We were so happy to see Laura – miss her tons. She was getting ready to show her ram Aden. She called later to tell us that he won best of breed for CVM patterned Romeldale

Monday, October 02, 2006

Spinning and Weaving Week

First, let me say that I don’t know how to turn off the flash on our oh-so high tech camera, so each picture has the sun in it. This is the display at our library. All the staff signed up in January to do various displays and bulletin boards. It seemed so far away until it wasn’t. I had blithely committed myself for October and thought I’d throw something together themed for Spinning and Weaving Week. I never gave a second thought to being the only person to sign up for display cases and the main bulletin board in one month.

To make things even more harrowing, I had to do the installation the day I got back from vacation. I had two cases to fill so put out two laundry baskets, one for weaving, one for spinning. As I thought of things, I’d toss them in one of the baskets. When they were full, I put them in the back of the car. The cases are difficult to fill. There are doors on the back side, so I was working from behind the display. To see what it looked like, I had to get up and walk around to the front. Lots of creaky knee business going on.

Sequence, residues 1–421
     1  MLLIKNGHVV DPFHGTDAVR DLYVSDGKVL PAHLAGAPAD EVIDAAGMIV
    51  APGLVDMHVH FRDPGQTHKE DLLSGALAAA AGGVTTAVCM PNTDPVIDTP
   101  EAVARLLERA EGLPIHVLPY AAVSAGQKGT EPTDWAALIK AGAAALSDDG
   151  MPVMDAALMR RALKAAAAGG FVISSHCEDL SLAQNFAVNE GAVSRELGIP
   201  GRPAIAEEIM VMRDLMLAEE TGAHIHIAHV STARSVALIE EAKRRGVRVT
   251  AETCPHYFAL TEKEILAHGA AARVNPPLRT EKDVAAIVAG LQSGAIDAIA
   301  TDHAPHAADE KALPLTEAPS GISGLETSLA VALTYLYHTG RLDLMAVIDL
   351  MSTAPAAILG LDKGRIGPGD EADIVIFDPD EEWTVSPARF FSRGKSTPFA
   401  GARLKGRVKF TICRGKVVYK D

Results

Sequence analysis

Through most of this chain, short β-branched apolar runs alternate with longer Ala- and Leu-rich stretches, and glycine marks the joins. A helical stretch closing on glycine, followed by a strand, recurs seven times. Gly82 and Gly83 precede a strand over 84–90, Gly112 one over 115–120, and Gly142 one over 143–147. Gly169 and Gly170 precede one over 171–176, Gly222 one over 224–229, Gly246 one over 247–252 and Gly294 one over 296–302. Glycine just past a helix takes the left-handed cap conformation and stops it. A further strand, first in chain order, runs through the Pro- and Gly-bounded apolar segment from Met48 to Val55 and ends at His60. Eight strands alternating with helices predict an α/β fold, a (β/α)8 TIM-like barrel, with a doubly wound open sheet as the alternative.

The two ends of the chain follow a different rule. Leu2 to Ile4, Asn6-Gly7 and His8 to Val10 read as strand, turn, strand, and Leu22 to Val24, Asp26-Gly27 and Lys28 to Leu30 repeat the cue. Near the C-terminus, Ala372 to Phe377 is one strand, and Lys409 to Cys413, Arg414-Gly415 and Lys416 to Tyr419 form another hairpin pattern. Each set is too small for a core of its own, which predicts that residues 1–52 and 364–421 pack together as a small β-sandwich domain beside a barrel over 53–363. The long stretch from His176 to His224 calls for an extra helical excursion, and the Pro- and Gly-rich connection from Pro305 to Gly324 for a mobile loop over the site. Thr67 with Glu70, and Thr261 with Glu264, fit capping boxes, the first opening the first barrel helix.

I've got fleece in the car in rolled down grocery sacks and will add it to the bulletin board display area so people can play with it. The displays aren’t as artfully arranged as I would wish, but the response has been gratifying. I have come to the conclusion that I am an evangelical fiberist – a fibergelical? I think people are ready to find a medium for personal expression - I know what spinning and weaving mean to me. I think a lot of us are just plain WalMarted out.